Saturday, December 23, 2006

I thought I had posted since the 14th and, since Blogspot is trying to get us all to switch to their new version, I thought for a moment that I had lost a post, but rereading the last one, yeah, I haven't posted since then. I compose posts in my mind all the time--luckily for everyone most of these musings never see the light of day--and I think I had just mentally hit the publish button!

Approaching Christmas is hard. Thomas was pretty enthusiastic about Christmas and got to spend all of his Christmases in the Army at home. 2004 would have been our first one without him anyway since he was supposed to be stuck in Iraq. Now whenever I think about that day, it's as if there is a long violin note (Smetana maybe? according to my husband) sounding in my ears. This note does not resolve--there is no relief at the end, just acceptance.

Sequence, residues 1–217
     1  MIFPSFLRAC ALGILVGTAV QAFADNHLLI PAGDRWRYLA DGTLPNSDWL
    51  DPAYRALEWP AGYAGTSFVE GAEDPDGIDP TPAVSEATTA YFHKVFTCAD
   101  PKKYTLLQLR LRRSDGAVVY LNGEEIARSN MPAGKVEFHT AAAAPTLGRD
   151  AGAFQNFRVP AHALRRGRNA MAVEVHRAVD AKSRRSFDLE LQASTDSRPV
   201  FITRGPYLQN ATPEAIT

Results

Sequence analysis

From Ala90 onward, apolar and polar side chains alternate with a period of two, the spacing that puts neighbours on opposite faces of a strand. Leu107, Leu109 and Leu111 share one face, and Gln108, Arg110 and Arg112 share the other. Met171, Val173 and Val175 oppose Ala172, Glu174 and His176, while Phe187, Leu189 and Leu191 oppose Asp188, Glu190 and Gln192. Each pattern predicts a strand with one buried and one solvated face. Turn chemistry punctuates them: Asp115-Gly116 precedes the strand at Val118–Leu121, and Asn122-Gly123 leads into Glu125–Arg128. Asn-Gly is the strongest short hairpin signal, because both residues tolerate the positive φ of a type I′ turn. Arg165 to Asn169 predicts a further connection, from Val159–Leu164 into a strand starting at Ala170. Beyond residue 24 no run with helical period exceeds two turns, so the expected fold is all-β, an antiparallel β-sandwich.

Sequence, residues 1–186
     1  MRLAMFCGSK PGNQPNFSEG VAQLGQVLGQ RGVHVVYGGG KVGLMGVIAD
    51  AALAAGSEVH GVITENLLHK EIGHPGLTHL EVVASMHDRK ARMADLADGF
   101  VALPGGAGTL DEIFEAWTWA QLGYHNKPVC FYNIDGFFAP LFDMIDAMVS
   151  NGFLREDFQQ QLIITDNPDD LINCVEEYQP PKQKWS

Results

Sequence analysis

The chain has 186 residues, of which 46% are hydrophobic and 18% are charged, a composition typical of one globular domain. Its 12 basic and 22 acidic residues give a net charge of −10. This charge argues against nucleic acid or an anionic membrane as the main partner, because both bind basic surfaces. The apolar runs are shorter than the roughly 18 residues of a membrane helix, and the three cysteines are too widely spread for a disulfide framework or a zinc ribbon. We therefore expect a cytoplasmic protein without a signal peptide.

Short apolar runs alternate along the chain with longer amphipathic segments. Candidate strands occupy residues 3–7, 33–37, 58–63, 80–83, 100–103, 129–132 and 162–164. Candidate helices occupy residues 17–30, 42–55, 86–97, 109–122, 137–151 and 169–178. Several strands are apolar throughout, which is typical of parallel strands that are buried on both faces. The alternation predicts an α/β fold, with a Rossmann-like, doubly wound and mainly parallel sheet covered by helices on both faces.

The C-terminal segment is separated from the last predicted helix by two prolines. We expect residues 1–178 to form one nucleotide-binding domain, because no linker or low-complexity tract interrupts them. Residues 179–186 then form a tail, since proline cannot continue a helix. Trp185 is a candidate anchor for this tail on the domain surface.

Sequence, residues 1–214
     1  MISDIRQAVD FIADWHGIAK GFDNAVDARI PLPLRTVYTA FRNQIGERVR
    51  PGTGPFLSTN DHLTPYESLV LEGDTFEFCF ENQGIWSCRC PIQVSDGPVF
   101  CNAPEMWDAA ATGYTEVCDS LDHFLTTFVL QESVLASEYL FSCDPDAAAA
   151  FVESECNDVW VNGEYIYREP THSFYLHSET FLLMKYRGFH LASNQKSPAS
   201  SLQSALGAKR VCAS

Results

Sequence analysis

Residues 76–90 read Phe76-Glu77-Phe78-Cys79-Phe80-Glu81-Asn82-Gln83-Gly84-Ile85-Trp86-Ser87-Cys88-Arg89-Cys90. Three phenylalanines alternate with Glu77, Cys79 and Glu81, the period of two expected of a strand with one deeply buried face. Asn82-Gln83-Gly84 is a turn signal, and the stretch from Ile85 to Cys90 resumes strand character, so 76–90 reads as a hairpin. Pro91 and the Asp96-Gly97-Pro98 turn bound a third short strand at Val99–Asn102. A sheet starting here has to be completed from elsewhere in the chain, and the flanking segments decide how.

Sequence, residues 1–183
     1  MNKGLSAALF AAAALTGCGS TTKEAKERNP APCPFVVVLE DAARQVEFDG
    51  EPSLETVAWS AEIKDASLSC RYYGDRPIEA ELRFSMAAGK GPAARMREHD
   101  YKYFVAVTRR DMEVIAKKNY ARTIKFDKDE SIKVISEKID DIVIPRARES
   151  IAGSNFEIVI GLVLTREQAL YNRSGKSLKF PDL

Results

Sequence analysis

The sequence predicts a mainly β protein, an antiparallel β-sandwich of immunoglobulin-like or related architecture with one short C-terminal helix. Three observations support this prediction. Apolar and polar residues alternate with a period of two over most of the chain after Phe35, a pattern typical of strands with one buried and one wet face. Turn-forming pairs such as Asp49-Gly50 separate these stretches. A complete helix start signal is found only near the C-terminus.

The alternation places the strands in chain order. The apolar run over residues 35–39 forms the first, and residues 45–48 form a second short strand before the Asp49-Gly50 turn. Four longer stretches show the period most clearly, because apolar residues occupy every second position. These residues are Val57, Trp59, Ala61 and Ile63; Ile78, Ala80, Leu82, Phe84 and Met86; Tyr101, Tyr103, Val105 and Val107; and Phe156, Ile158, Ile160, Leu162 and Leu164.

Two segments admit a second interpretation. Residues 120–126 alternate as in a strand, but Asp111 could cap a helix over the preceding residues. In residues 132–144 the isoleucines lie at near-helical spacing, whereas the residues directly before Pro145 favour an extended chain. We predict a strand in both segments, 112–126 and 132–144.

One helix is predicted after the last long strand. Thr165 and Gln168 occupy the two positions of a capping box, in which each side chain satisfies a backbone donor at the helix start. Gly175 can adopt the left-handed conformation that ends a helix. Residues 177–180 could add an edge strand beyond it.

The custom in this area is food after the funeral. My PTA friends had taken this over early on. One of the women who had paralleled me through many years of kids in school is also a professional chef : she organized a sort of gigantic potluck involving folks who had never met before because they all came from different circles in our lives. We used the fellowship hall of a local Baptist church because my former next-door neighbor was a member there and the space was available. (I'd also attended several Bible studies there so I knew some of the other members as well. ) So, after the interment, around 200 people drove back down to New Hampshire Avenue to the Colesville Baptist Church for a luncheon. My friend Steve was once again taking pictures which really helps in remembering this--they are on film though and the scanner and I don't get along well. People who had never met before sat at tables and talked and ate, some came and sat with us and talked and ate. One of the pictures shows our casualty assistance officer sitting along the wall with her plate in her uniformed lap, happily eating (she is a Baptist) and finally relaxing a bit. I'm so glad we got to have that luncheon--here on the border of the South, it is known as a repast--it did allow us to say goodbye to a few of the people who had travelled so far to support us, including a number of Thomas's friends who were in college.